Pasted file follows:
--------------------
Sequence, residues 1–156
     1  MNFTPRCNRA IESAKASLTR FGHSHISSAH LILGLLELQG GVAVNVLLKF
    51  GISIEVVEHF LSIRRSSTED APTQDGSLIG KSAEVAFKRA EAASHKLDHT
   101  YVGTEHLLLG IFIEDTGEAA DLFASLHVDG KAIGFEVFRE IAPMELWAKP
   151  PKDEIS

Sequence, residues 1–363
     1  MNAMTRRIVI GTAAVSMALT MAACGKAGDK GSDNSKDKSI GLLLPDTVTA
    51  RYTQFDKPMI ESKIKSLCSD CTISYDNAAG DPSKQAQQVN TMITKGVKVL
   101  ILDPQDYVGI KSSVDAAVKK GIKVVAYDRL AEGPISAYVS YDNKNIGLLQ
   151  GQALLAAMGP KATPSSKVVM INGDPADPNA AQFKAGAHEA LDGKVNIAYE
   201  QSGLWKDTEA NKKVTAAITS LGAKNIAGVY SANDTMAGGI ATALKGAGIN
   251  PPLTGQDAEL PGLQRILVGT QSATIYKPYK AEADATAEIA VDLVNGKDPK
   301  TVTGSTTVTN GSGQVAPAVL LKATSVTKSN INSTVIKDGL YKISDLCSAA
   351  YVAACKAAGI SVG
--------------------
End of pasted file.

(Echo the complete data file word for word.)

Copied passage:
Sequence, residues 1–156
     1  MNFTPRCNRA IESAKASLTR FGHSHISSAH LILGLLELQG GVAVNVLLKF
    51  GISIEVVEHF LSIRRSSTED APTQDGSLIG KSAEVAFKRA EAASHKLDHT
   101  YVGTEHLLLG IFIEDTGEAA DLFASLHVDG KAIGFEVFRE IAPMELWAKP
   151  PKDEIS

Sequence, residues 1–363
     1  MNAMTRRIVI GTAAVSMALT MAACGKAGDK GSDNSKDKSI GLLLPDTVTA
    51  RYTQFDKPMI ESKIKSLCSD CTISYDNAAG DPSKQAQQVN TMITKGVKVL
   101  ILDPQDYVGI KSSVDAAVKK GIKVVAYDRL AEGPISAYVS YDNKNIGLLQ
   151  GQALLAAMGP KATPSSKVVM INGDPADPNA AQFKAGAHEA LDGKVNIAYE
   201  QSGLWKDTEA NKKVTAAITS LGAKNIAGVY SANDTMAGGI ATALKGAGIN
   251  PPLTGQDAEL PGLQRILVGT QSATIYKPYK AEADATAEIA VDLVNGKDPK
   301  TVTGSTTVTN GSGQVAPAVL LKATSVTKSN INSTVIKDGL YKISDLCSAA
   351  YVAACKAAGI SVG